A possible Palaeolithic hand axe from Cyprus
Forty-three years ago, artefacts of apparent Lower or Middle Palaeolithic type were reported in red beds overlying a fossil beach—arguably last Interglacial in age—at Zygi on the south-central coast of Cyprus (Vita-Finzi 1973). There has been speculation ever since about the possibility of Palaeolithic activity on Cyprus, although due scepticism has prevailed because unequivocal evidence has been elusive (Knapp 2010, 2013: 43–48). New finds from the Greek islands of Crete, Gavdos, Melos and Naxos (Chelidonio 2001; Mortensen 2008; Strasser et al. 2010, 2011; Carter et al. 2014; Runnels 2014; Runnels et al. 2014a & b) suggest that it is time for a research strategy, targeting Middle and early Late Pleistocene geological deposits on Cyprus, to settle the question.
New evidence from Cyprus is a hand axe (biface) from the site of Kholetria-Ortos. The Canadian Palaipaphos Survey Project discovered the site in 1983 (Fox 1987: 19) and, subsequently, S. Swiny, then director of the Cyprus-American Archaeological Research Institute (CAARI), collected the hand axe in 1992 from the surface near the site. In the CAARI catalogue, the artefact is described as being of ‘Palaeolithic hand axe type’ (Figure 1). Our description is based on the first-hand inspection and examination of a three-dimensional printed replica, which is in turn based on photorealistic three-dimensional digital images by Brandon Olson (see Olson et al. 2014). The hand axe is made of Lefkara chert, a commonly exploited lithic resource on Cyprus. It is an amygdaloid, or sub-triangular, hand axe with a converging tip. It is 140mm in length, 85mm in width and 55mm in thickness (Figures 2–4). The dihedral butt and sinuous edges are typical of Acheulean bifaces in south-west Asia (e.g. Shea 2013: 70–79), as is the deep, invasive flaking covering both faces. The piece has a thick patina, clearly visible where recent accidental flakes cut through it, suggesting a considerable age for the artefact.
Simmons excavated at Kholetria-Ortos where he found Cypro-PPNB (Pre Pottery Neolithic B) remains. He argues that this context counters our interpretation (Simmons 2014: 160–61), but we note that prehistoric sites on Cyprus can be multi-component, and surface finds may be part of a palimpsest of materials from different periods. Hunter-gatherers leave less conspicuous remains than Neolithic farmers, and so may be overlooked. There is a Lefkara chert outcrop near the site that could have been a source of raw materials over long periods of time (Fox 1987: 23; Simmons 1996: 35). The Aceramic site of Kholetria-Ortos has no architecture, so it is not certain that this was a settlement (Simmons 1996: 33–34), and, as McCartney notes, “these ‘non-settlement’ sites may be at least partly defined as chert-extraction and -knapping localities” (McCartney 2007: 312). Simmons suggests that Neolithic picks resemble earlier Palaeolithic bifaces, but Neolithic picks and axes have triangular (trihedral) or trapezoidal cross-sections and distal ends, with an oblique tranchet flake creating an axe-like edge (Shea 2013: figs 7.6–7.7), while the Kholetria-Ortos biface has the amygdaloidal/triangular shape and double lenticular section (Figure 5) that is typical of Palaeolithic handaxes.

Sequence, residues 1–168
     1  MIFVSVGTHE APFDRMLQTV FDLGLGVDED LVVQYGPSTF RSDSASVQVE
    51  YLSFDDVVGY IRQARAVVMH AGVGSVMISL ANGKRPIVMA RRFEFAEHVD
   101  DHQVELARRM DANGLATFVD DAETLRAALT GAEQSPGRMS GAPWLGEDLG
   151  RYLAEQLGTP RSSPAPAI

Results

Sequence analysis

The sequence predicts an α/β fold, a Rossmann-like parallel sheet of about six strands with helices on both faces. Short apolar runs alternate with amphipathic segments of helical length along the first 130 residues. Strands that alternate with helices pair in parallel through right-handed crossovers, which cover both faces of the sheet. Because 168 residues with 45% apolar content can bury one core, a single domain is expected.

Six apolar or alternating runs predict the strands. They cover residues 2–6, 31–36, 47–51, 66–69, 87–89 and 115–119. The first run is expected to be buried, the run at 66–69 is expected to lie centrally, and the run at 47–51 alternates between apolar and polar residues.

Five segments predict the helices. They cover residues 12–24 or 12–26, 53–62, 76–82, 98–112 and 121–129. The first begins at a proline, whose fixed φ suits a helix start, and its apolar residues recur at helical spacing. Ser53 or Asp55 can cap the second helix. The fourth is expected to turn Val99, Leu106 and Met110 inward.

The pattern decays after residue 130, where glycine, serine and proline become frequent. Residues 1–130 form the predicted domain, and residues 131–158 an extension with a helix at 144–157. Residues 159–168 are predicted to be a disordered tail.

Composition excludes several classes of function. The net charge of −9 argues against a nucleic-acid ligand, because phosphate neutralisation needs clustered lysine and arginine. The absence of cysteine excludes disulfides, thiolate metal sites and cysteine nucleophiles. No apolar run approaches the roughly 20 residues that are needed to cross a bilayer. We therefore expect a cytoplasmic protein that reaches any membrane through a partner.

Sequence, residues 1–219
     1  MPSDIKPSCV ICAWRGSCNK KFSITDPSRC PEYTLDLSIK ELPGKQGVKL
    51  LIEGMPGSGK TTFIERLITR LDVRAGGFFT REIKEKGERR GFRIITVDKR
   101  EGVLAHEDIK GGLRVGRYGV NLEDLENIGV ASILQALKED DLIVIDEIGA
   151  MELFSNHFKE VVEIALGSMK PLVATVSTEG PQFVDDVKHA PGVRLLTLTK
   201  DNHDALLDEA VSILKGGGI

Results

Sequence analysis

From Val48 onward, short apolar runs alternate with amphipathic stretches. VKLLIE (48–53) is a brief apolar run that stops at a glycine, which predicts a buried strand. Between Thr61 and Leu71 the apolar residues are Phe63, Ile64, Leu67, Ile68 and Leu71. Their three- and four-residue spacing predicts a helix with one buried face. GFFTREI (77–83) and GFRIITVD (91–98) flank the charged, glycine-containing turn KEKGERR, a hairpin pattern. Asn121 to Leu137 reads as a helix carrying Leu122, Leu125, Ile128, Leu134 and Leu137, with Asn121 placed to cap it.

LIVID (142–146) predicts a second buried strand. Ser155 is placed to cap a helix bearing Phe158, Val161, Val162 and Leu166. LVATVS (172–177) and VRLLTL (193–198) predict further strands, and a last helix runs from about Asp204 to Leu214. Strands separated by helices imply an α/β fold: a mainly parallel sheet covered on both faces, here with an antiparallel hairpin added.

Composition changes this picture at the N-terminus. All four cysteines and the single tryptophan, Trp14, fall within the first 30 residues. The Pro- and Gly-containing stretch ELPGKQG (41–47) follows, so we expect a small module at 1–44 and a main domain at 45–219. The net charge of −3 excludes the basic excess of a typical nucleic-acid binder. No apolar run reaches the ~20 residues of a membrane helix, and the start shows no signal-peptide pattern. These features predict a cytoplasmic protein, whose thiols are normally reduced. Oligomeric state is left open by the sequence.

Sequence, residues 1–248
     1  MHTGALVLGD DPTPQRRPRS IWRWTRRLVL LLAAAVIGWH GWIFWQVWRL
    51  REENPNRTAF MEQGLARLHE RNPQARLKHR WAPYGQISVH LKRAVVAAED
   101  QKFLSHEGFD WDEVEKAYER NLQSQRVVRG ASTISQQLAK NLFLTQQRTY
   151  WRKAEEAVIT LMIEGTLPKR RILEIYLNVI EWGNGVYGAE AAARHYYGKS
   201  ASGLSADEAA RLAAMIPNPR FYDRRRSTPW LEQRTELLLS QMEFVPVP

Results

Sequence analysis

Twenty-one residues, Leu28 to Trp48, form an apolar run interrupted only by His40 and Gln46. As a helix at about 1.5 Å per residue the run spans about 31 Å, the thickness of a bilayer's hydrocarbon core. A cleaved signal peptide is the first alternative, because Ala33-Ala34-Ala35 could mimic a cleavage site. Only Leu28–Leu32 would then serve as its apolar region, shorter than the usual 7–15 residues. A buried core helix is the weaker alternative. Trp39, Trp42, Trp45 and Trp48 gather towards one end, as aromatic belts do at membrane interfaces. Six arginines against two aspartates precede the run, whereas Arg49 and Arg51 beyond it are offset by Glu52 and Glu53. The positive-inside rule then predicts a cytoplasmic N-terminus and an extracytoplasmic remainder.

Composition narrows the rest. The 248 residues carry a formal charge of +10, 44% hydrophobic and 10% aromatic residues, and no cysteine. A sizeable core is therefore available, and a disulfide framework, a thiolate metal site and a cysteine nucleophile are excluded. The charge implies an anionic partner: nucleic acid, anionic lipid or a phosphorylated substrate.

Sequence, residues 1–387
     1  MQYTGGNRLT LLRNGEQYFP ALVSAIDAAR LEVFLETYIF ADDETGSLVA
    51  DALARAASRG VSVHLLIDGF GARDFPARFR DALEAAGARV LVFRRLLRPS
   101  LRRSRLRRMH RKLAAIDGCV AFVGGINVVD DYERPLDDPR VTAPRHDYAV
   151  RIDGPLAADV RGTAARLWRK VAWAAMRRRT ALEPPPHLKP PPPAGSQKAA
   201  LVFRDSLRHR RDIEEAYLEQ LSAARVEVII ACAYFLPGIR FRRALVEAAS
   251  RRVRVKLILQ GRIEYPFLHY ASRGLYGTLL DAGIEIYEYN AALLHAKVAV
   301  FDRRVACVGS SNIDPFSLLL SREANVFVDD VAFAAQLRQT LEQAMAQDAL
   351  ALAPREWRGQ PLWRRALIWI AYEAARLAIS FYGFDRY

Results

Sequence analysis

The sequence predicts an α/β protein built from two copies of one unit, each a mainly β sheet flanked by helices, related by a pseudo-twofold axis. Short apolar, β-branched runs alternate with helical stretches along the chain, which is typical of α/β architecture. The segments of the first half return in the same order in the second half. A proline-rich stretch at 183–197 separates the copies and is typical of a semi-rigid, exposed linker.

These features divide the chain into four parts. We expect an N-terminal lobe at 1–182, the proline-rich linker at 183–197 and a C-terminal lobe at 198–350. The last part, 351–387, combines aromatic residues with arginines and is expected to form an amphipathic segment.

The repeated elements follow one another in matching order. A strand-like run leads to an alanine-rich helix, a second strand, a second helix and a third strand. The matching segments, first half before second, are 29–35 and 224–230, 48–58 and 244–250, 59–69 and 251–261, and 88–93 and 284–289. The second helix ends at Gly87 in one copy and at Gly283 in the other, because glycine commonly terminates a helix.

The Kholetria-Ortos hand axe can be compared with similar finds from Cyprus and the Greek islands. The original pieces from Zygi are unavailable, but the artefacts can be described from the drawings in Vita-Finzi (1973: fig. 1). One piece is an ovate hand axe (the oblique orientation may reflect the origin of the blank as a side-struck flake) around 105mm in length and 85mm in width (Figure 6). The Zygi hand axe resembles the example from Kholetria-Ortos. It is also similar to recently discovered hand axes from Crete that have been associated with marine terraces and palaeosols, with ages greater than 100 000 years (Runnels et al. 2014a). Now that Palaeolithic artefacts are reported from the Greek islands (Runnels 2014), the possibility of early Palaeolithic activity on Cyprus takes on particular significance. The suggestion that the Greek island’s Palaeolithic period resulted from sea-going by archaic humans (Runnels 2014; Simmons 2014) has been met with scepticism (Broodbank 2014; Leppard 2014), but the presence of early Palaeolithic hominins on Cyprus, which was manifestly an oceanic island in the Pleistocene, would support the Palaeolithic sea-going hypothesis.
The dominant paradigm for research on the Mediterranean islands has been that they were not colonised until the Neolithic or later (Cherry 1981, 1990). It has been thought that the islands had resources too limited for Palaeolithic or Epipalaeolithic/Mesolithic foragers to survive (Cherry 1992). This has sometimes resulted in circular reasoning: if it is assumed there was no pre-Neolithic occupation on the islands then specialists seldom work on them, thereby contributing to the impression that there is no pre-Neolithic evidence. The picture may now be changing and it is time for a re-evaluation of the Palaeolithic question for Cyprus.
We wish to thank the Department of Antiquities of Cyprus, the Council of American Overseas Research Centers, the Cyprus-American Archaeological Research Institute, the Loeb Classical Foundation, Providence College, Andrew McCarthy, Carole McCartney, Priscilla Murray, Brandon Olson, Alan Simmons, Stuart Swiny and David Rupp.
* Author for correspondence.